Saudis urged not to harass S Asian sect

Dubai, UAE - New York-based Human Rights Watch has accused Saudi Arabia of carrying out a wave of arrests and deportations against mainly south Asian followers of the Ahmadi faith that amounts to a "grave violation" of religious freedom.

"The Saudi government’s arrest and detention of members of the Ahmadi community solely on the basis of their religion is a grave violation of this right," the watchdog said.

It said the Saudi authorities had arrested 56 non-Saudi followers of the faith, "including infants and young children" and deported at least eight to India or Pakistan.

Ahmadis consider themselves Muslims and follow the teachings of Mirza Ghulam Ahmad, a 19th-century Indian Muslim scholar.

In Saudi Arabia, the faith is practised by a small minority of foreign workers, primarily from India and Pakistan.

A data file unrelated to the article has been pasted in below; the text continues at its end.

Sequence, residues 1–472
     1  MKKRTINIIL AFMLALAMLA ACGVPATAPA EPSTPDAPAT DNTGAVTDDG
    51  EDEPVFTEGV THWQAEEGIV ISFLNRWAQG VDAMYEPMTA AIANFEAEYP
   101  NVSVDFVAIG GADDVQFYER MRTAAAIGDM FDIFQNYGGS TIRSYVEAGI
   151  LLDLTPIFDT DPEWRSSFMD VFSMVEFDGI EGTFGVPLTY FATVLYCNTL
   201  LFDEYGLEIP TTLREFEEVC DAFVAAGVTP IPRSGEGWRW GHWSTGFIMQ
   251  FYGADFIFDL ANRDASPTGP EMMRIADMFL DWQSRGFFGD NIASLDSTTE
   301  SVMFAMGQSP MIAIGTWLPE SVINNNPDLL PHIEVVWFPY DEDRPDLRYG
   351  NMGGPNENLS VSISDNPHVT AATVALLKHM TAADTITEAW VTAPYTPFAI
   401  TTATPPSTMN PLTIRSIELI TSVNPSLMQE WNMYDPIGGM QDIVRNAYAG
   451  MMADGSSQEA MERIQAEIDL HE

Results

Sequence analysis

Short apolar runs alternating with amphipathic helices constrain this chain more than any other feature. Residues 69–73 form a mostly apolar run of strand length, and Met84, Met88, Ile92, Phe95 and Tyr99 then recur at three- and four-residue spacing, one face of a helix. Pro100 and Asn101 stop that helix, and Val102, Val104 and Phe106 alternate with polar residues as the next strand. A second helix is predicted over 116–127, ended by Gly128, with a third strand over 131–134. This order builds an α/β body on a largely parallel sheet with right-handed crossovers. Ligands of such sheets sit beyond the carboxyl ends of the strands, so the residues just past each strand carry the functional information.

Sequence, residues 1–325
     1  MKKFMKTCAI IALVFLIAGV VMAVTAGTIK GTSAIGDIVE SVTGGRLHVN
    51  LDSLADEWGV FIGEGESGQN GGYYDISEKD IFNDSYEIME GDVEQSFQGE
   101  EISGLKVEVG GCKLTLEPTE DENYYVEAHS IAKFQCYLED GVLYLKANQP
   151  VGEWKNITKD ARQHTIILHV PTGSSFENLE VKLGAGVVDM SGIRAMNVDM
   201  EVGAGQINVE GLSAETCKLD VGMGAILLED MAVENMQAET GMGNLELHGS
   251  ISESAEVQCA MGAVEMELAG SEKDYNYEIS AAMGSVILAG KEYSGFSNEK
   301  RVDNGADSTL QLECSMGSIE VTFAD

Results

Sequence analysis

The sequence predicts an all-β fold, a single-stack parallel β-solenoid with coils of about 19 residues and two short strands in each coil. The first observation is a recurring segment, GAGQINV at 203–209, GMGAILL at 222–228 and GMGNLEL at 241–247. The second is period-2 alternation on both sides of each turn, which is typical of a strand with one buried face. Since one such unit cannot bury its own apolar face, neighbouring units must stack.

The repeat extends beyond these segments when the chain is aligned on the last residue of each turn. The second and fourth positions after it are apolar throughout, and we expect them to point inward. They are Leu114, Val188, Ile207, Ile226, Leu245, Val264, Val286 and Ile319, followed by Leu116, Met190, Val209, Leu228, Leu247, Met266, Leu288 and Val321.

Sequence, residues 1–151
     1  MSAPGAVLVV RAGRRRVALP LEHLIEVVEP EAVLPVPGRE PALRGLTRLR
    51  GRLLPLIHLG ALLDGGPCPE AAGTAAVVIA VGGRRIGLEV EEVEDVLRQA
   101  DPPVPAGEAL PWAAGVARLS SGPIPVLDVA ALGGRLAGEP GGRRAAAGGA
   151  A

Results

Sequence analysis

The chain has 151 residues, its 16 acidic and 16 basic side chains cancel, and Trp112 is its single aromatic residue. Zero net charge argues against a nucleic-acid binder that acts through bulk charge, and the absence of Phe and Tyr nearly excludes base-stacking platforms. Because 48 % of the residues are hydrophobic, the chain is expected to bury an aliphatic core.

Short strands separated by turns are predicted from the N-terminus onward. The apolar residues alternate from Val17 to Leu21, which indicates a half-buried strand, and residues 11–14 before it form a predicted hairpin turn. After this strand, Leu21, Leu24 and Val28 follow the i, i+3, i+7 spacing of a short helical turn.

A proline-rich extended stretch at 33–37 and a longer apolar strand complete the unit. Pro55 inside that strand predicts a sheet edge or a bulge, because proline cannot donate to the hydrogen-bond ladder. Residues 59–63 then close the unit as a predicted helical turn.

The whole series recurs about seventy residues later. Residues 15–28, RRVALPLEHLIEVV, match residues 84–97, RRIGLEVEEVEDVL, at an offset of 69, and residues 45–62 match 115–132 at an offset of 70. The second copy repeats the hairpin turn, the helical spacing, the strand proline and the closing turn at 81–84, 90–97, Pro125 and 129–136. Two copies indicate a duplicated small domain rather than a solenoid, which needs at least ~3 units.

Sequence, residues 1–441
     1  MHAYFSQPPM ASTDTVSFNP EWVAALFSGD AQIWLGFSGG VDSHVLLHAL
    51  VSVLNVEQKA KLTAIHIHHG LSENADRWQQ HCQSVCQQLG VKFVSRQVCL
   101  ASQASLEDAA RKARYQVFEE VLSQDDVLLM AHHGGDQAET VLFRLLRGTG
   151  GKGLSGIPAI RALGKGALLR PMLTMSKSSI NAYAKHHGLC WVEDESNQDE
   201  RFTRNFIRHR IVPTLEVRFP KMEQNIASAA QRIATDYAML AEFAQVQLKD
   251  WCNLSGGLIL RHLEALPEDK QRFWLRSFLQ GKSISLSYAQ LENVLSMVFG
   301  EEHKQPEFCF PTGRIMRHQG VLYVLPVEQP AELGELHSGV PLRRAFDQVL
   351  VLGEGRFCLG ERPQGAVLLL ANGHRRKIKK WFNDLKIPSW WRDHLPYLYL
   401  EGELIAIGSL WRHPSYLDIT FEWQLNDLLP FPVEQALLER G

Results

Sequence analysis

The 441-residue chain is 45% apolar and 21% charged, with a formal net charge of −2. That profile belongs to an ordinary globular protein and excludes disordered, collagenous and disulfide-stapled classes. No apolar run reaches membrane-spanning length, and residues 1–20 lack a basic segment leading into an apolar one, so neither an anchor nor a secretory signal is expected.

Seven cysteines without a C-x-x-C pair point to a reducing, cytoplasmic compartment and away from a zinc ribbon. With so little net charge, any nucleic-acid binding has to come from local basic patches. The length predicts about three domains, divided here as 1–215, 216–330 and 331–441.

But many Muslims view the Ahmadis as heretics because of the elevated status they afford to the faith’s founder.

They also face persecution in Pakistan and Bangladesh.

"We write to urge you to put an immediate end to Saudi Arabia’s nationwide campaign to round up followers of the Ahmadi faith who have committed no crime," HRW said in a letter sent to King Abdullah on Wednesday.

"These arrests are a clear indication of the Saudi government’s intolerance of freedom of worship," said Sarah Leah Whitson, HRW Middle East director, calling on the king "to act swiftly to show the world that persecution of religious minorities is not a Saudi government policy."